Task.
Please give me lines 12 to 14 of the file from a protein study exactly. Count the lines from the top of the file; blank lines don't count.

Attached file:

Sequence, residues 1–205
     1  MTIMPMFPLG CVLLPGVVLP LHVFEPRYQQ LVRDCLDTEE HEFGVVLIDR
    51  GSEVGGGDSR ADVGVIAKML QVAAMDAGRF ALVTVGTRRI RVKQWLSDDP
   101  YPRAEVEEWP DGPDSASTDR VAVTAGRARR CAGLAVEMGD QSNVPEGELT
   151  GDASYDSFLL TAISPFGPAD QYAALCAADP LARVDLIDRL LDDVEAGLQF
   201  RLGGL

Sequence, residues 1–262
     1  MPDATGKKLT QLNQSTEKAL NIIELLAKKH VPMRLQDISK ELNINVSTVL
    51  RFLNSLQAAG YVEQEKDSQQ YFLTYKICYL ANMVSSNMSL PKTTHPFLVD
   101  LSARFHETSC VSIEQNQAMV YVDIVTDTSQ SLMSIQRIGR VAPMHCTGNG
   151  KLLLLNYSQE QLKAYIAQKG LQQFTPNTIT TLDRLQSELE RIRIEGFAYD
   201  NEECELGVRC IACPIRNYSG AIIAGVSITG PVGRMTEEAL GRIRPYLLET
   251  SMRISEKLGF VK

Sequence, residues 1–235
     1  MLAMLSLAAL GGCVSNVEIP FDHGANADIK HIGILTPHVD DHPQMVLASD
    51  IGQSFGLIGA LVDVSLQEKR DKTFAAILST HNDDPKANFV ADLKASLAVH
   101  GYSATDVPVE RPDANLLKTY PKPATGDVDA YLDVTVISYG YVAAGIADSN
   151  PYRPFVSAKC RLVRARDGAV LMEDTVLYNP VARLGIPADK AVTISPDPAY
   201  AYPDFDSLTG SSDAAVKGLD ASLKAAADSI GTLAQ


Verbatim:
   201  NEECELGVRC IACPIRNYSG AIIAGVSITG PVGRMTEEAL GRIRPYLLET
   251  SMRISEKLGF VK

Sequence, residues 1–235